And you have the Kootenay Hatch that was added to all ships as an alternate means of escape.
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Offline Navy_Pete

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Re: Engine Room Fire in HMCS Protecteur
« Reply #130 on: April 02, 2014, 19:33:33 »
There is a pretty interesting demonstration of that where someone took a sheet of aluminum, put it over a fire and let it heat up until it melted through.  Unlike steel, which glows, aluminum gives no visual indications that it has no structural strength left and simply melts.  There is some pretty vivid testimony (Falklands war?) where guys trying to climb up an aluminum ladder stepped right through it.

Jim, just to add a few more details, you have to bear in mind that the engine room is roughly the size of a school gymnasium with several decks, and the ship itself has numerous parts to its structure.  You can have localized damage and warping from fires, but the overall structure is still sound.  In layman's terms, if you think of a box cabinet, with a bunch of shelves, and dividers between them, you can have brackets break, or individual shelves fail, but the box itself is still good enough.  Maybe a better analogy is a kitchen fire, where you can have a lot of localized damage to the range hood, cupboards etc plus smoke damage elsewhere, but the house itself isn't in danger of falling over.

Part of the tow preps would be a very thorough structural inspection, as watertight integrity is their main concern.  The tow masters won't do it unless they feel its safe, so if repairs are needed, they'll get done.  No indication any are required though, and the things like that also tend to get mangled when filtered through PAs as well.  So some minor warping to local structure could easily change to more ominous sounding 'strucutral issues' by the time it gets to the MRLs.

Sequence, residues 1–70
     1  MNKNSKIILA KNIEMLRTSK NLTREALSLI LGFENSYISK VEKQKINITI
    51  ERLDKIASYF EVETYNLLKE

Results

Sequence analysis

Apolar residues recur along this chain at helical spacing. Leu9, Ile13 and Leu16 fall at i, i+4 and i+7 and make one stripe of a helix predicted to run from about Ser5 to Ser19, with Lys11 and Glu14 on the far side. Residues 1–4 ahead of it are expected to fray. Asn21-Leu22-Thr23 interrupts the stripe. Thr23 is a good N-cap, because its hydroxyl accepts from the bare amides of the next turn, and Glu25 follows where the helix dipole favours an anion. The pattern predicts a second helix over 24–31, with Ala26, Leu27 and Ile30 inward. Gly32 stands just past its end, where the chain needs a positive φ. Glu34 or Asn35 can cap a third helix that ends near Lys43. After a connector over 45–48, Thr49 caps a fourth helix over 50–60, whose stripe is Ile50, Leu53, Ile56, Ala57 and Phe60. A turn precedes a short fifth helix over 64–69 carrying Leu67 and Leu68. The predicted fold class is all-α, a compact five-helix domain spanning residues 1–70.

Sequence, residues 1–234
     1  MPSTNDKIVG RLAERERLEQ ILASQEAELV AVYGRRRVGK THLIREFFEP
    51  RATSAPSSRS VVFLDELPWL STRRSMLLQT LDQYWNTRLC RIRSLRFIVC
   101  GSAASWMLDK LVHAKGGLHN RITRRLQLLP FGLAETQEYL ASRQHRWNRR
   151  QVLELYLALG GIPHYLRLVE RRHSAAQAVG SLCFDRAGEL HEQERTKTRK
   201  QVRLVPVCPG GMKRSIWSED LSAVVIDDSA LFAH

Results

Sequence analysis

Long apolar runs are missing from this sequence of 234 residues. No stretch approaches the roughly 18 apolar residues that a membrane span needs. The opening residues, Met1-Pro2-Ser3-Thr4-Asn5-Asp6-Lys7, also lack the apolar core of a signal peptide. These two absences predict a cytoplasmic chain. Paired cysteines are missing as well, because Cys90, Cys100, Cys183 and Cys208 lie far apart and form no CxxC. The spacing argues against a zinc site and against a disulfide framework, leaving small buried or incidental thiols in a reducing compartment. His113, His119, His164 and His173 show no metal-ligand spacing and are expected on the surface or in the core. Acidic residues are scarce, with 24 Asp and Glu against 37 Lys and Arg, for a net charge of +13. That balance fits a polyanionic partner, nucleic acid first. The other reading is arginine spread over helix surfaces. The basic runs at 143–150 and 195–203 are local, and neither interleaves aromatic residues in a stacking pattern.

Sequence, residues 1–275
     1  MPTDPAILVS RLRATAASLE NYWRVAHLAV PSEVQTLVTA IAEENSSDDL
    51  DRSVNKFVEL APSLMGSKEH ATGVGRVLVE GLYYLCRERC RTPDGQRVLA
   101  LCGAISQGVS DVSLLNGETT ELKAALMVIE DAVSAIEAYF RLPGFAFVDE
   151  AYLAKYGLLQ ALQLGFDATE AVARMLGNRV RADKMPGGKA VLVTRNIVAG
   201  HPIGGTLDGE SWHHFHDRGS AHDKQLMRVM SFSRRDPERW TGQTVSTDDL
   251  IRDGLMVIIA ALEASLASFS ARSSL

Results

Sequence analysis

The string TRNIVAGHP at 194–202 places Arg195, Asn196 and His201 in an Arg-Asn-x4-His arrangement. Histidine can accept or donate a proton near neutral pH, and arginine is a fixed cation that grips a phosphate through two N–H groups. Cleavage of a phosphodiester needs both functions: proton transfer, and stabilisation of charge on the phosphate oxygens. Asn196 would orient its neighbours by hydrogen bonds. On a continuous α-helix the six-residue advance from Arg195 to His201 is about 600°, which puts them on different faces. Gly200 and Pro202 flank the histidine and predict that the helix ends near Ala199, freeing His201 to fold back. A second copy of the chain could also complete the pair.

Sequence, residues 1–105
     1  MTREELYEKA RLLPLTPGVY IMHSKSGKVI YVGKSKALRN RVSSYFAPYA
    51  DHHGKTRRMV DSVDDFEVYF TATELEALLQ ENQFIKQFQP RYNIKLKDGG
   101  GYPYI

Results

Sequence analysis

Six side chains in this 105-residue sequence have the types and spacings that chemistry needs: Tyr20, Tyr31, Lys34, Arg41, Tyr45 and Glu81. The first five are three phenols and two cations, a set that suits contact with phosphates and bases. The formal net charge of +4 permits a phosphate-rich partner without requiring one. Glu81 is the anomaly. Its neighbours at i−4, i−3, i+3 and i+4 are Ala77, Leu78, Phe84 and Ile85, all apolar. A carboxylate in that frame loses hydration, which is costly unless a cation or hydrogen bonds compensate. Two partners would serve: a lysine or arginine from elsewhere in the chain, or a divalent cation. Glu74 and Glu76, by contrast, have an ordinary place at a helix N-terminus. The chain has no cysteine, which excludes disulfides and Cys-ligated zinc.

Tow masters won't hook on until its safe anyway, and they'll require repairs to be done if needed.  They'll also do their best to find a window of good weather, and also have speed restrictions, so the PRO won't have a lot of loading on it.  That part should be good; but very unlikely the ship isn't beyond economical repair.

Offline Hamish Seggie

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Re: Engine Room Fire in HMCS Protecteur
« Reply #131 on: April 02, 2014, 20:09:32 »
Thanks very much!
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Re: Engine Room Fire in HMCS Protecteur
« Reply #132 on: April 03, 2014, 11:23:59 »
If she was newer she would be repaired, but given the her planned decommissioned date, the time and cost of repairs and the benefits of doing so will have to be weighed.

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Re: Engine Room Fire in HMCS Protecteur
« Reply #133 on: May 16, 2014, 19:12:00 »
The crack reporters at CBC noticed the 25000 tonne ship being towed out of a major port by a 3000 tonne ship! :salute:

HMCS Protecteur heading home under tow from U.S. navy tug
Canadian supply ship damaged by 2 fires in February departed Hawaii's Pearl Harbor on Thursday

http://www.cbc.ca/news/canada/british-columbia/hmcs-protecteur-heading-home-under-tow-from-u-s-navy-tug-1.2645465

Quote

A Canadian navy warship that was badly damaged in U.S. waters by a massive fire at sea in February is on its way back to Canadian waters, under tow by a U.S. tug, CBC News has learned.

HMCS Protecteur departed Pearl Harbor on Thursday morning under tow from USNS Salvor, beginning a slow voyage across the North Pacific back to its home port of CFB Esquimalt near Victoria, B.C.

There are four Royal Canadian Navy sailors aboard Salvor for the sail home.

"She's making six knots right now, which is good," said navy spokesman Lt.-Cmdr LCdr Des James. "From our perspective, everything looks promising."

The trip under tow is expected to take as long as three weeks, depending on the weather, but it could be Protecteur's last trip.